ETD system

Electronic theses and dissertations repository

 

Tesi etd-02112011-202410


Thesis type
Tesi di dottorato di ricerca
Author
GELLERT, ANAMARIA RAMONA
URN
etd-02112011-202410
Title
Text and Image Relations: Canterbury Tales' Women Narrators and Unruly Storytellers in Fifteenth-Century Manuscript and Print
Settore scientifico disciplinare
L-LIN/10
Corso di studi
LETTERATURE STRANIERE MODERNE (FRANCESE, INGLESE, SPAGNOLO, TEDESCO)
Commissione
tutor Prof. Giaccherini, Enrico
commissario Prof.ssa Petrina, Alessandra
commissario Prof.ssa D'Agata D'Ottavi, Stefania
Parole chiave
  • Squire's Tale
  • text-image relations
  • miniature
  • Prioress's Tale
  • Miller's Tale
  • Mandeville's Travels
  • fool
  • folly
  • Cook's Tale
  • Caxton
  • Canterbury Tales
  • anti-Judaism
  • Wife of Bath's Tale
  • woodcut
Data inizio appello
06/04/2011;
Consultabilità
completa
Riassunto analitico
In this study I offer an insight into the fifteenth-century reception of the Wife of Bath’s, Prioress’s, Miller’s, Cook’s and Squire’s portrayals in the General Prologue and of their respective tales through the analysis of the relationships between text and image in the illuminated manuscripts and Caxton’s illustrated edition of the Canterbury Tales. It is an attempt to account both for the dialectic of production and reception, and for the historical continuities and discontinuities in the fifteenth-century response to Chaucer’s tales. The thesis of this study is that the images which illustrate the manuscripts of the Canterbury Tales and Caxton’s 1483 printed edition are not mere transpositions from one medium into another, from words into pictures, but are the result of an act of interpretation which is ideologically connoted. The illustrations are a means of reinforcing authority, power and the prevailing ideological system in fifteenth-century England. In the first two chapters, the Wife of Bath’s and the Prioress’s tales are considered within the framework of medieval discourses on marriage, widowhood and virginity and Chaucer’s original contribution to the topic is examined. In chapters three and four, the pictorial representation of the Cook and the Miller, as well as the poet’s use of the words ‘fool’ and ‘folye’ in the Canterbury Tales are discussed within the context of medieval discourses on fools and folly. In chapter five, the Squire’s portrait is analysed in connection with medieval medical theories about amor hereos and the description of the Great Khan’s court is discussed as part of Chaucer’s attempt to offer an encomiastic representation of royalty.<br><br>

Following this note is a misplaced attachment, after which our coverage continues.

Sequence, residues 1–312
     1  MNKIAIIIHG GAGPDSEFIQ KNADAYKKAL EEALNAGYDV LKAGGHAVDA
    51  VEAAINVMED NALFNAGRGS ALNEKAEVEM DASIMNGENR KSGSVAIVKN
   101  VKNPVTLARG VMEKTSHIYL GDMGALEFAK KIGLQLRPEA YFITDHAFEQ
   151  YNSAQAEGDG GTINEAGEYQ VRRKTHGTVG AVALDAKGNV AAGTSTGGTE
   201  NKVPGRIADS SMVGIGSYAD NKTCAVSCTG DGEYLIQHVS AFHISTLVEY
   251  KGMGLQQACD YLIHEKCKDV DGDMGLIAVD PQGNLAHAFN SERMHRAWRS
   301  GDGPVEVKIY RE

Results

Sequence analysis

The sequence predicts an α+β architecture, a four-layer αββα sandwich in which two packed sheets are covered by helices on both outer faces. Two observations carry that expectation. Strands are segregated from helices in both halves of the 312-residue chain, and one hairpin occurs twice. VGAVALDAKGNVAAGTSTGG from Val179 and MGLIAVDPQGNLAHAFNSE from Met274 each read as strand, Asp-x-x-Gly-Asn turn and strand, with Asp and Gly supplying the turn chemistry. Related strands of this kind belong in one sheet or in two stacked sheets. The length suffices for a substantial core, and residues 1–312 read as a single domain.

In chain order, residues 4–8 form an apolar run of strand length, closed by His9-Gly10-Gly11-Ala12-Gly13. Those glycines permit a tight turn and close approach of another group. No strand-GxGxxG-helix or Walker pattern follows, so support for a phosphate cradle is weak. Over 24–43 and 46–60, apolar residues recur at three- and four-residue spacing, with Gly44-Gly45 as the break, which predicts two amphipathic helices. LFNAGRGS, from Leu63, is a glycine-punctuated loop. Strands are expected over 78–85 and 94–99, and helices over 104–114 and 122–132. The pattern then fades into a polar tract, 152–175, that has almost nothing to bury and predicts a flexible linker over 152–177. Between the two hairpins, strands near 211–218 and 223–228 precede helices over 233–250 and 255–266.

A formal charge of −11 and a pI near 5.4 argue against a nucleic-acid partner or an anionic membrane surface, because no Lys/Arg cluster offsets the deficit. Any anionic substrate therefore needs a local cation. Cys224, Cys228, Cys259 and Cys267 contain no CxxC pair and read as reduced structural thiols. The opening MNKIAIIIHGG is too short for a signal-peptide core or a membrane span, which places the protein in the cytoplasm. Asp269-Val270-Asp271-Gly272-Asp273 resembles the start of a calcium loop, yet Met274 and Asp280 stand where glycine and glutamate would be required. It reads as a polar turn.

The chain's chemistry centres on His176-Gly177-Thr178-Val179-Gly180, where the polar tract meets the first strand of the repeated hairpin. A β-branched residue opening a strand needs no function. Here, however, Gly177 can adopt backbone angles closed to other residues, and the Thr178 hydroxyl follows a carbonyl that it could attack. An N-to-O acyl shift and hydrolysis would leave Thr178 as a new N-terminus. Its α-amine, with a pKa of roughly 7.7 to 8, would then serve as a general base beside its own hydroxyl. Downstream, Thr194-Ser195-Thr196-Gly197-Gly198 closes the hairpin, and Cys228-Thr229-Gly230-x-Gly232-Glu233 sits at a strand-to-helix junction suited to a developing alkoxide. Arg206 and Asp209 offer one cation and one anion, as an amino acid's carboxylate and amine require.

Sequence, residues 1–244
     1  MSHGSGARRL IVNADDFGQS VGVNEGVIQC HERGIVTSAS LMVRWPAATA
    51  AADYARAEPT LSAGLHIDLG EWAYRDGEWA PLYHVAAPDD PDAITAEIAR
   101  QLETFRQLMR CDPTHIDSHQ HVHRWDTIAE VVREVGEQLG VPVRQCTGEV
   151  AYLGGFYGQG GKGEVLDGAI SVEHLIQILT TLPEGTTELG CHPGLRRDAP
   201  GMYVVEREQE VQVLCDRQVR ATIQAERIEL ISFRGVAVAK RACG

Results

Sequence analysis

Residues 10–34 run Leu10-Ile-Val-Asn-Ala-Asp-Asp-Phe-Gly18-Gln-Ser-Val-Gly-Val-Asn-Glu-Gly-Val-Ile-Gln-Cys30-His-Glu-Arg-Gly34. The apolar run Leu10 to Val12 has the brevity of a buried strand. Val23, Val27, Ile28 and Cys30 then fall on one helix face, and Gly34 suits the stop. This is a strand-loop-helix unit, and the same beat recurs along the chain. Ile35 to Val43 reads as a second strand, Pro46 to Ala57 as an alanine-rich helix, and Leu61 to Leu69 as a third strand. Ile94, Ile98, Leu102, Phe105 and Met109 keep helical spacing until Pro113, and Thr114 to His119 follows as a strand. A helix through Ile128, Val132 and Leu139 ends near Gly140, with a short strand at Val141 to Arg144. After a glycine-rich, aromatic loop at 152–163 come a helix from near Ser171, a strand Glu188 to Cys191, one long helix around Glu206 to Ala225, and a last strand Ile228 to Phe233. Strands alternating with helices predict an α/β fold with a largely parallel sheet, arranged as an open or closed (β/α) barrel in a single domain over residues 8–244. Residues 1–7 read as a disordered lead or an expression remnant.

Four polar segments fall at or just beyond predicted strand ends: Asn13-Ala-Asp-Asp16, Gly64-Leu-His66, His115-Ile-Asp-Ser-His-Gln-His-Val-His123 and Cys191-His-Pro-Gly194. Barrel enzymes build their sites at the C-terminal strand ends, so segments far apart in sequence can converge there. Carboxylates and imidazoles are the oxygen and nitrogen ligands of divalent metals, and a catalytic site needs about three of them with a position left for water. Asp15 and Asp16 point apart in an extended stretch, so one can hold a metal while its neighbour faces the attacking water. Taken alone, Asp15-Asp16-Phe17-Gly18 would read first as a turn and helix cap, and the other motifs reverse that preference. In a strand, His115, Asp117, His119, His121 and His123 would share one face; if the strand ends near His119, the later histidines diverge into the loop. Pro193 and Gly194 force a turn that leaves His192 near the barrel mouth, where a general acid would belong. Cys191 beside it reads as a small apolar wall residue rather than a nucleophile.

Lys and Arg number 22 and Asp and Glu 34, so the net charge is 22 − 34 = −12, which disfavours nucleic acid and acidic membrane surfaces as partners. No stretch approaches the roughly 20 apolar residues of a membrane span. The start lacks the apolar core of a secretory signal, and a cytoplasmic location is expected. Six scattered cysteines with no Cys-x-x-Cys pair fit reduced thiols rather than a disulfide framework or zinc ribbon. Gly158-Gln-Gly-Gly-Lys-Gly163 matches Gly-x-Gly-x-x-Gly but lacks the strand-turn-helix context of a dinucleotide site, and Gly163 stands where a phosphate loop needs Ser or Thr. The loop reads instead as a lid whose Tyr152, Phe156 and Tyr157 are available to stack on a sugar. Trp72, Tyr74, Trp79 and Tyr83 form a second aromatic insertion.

File